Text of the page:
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Nation & World

Author Heather Cabot On 'How Marijuana Went Mainstream'

MICHEL MARTIN, HOST:

It wasn't so long ago that a taste for marijuana could get you labeled a deadbeat loser or, worse, a criminal - labels that were too often attached to people of color. But these days, things are very different. In much of the country, the proverbial suburban moms who might otherwise unwind with a glass of Chardonnay might just as easily pick up an edible or joint. And on the way, they're helping to create a multibillion-dollar business. But it isn't all smooth sailing, and it's by no means fair.

So how did all that happen? Journalist Heather Cabot tells the story in her new book, "The New Chardonnay: The Unlikely Story Of How Marijuana Went Mainstream." And Heather Cabot is with us now to tell us more about it.

Welcome. Thank you for joining us.

HEATHER CABOT: Thank you so much for having me.

MARTIN: Heather, set the table for us. How widespread is marijuana use today in the United States? Is it legal everywhere? Like, what's the status quo right now?

CABOT: Well, 1 in 5 Americans live in a state where they have access to legal cannabis. That adds up to about 35 markets. So there's a huge number of Americans that have access to cannabis, either through recommendations from their doctors or being able to walk into a dispensary, order online for their recreational use.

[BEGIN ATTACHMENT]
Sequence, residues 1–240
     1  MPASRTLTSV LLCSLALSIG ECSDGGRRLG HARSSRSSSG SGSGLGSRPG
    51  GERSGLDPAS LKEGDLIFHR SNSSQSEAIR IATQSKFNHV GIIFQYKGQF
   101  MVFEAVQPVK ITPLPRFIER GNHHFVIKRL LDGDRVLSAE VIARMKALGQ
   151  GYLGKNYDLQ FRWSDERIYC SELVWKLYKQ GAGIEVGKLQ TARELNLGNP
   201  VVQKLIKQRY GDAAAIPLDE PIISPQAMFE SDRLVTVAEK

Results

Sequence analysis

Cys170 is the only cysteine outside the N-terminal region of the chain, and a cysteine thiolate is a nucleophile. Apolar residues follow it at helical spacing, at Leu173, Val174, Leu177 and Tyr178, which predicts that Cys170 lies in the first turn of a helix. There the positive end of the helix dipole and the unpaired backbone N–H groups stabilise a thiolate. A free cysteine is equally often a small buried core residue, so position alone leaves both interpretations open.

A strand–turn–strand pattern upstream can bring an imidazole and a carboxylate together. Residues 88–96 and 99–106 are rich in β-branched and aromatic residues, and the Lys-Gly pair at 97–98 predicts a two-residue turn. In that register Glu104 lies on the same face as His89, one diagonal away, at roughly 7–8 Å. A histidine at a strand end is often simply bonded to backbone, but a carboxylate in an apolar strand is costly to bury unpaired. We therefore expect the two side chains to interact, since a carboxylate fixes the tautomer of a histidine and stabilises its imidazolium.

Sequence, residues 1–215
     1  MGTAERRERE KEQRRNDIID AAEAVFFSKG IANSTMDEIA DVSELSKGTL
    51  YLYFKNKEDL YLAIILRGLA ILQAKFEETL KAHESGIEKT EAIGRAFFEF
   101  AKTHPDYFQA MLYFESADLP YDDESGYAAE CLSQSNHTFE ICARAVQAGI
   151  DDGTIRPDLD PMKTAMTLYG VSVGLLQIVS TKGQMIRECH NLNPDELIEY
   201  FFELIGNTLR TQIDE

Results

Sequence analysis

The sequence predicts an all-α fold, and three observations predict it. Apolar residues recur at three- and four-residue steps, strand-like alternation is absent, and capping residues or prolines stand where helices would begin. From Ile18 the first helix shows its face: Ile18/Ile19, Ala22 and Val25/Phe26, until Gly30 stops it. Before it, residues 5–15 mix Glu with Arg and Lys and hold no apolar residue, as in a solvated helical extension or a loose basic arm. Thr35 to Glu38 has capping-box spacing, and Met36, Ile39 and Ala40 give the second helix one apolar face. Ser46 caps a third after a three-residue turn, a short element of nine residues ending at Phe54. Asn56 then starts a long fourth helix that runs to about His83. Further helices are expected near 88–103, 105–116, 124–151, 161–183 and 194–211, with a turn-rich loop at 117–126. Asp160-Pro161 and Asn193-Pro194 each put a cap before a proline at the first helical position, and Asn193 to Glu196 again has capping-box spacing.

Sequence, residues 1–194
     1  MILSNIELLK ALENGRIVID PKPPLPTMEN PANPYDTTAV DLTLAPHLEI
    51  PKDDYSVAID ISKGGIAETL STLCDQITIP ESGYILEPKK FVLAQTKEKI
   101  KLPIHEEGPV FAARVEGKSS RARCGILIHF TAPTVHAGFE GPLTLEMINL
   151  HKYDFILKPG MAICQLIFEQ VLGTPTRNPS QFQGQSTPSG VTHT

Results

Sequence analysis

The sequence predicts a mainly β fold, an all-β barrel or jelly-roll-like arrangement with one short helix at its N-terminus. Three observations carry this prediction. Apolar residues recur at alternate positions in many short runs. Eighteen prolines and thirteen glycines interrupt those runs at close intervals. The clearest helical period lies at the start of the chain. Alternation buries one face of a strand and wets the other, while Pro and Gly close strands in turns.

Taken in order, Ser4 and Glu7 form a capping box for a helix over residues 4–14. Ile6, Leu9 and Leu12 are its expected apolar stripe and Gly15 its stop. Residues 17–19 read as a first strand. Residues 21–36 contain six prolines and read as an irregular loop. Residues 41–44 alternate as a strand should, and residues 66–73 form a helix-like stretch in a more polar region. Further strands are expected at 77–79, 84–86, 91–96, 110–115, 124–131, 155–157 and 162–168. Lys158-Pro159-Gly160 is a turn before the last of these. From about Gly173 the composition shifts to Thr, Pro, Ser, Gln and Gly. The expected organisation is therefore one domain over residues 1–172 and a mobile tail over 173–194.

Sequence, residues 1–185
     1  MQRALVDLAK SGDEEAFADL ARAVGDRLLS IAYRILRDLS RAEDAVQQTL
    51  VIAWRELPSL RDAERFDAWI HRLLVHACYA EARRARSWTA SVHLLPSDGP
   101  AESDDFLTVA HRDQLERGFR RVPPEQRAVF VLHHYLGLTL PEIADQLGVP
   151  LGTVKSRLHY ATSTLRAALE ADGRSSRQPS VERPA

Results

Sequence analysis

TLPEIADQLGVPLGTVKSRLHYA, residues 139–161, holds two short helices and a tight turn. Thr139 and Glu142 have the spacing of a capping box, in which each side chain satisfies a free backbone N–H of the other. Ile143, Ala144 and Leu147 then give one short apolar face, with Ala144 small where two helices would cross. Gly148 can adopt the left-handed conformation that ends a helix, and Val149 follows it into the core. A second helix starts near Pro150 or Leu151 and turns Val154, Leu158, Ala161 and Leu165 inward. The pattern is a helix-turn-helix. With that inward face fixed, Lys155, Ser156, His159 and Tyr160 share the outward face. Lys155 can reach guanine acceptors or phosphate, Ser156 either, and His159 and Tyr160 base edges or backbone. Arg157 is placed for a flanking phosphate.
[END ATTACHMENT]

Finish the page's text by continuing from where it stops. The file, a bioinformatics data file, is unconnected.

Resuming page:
MARTIN: Why, though, was marijuana treated so harshly to begin with? Because the medical - the kind of the medicinal benefits of it are something that could have been thought of before now. I mean, you know, there's this whole joke about alcohol. People say things, like, you know, like, during prohibition, you could still get alcohol for...

CABOT: Yeah.

MARTIN: ...Medicinal purposes. In fact, like, that's a joke, right, that some people of a certain age might have heard - which is just for medicinal purposes only, you know? So it's not like people couldn't have figured this out before now. So why was marijuana treated so harshly to begin with and so different from alcohol?

CABOT: Well, I think it just really goes back to the origins and the folks who originated a lot of these policies, including Harry Anslinger, who was the first commissioner of the Federal Bureau of Narcotics and the guy behind this propaganda that really stigmatized people who used marijuana back in the '30s - in particular, Mexican immigrants that were coming into this country. And he really played off the xenophobia that was happening at that time. And that continued also through the decades to the Black community as well.

And those policies fomented what you saw through the Nixon administration, the Reagan administration. So I think the intersection of race with drug enforcement policy and how it continued to be so through those decades I think laid this foundation where cannabis was demonized because of the people who were who were using it - not necessarily the plant itself but the kinds of people who people like Anslinger we're trying to say were using it and that it was dangerous to society.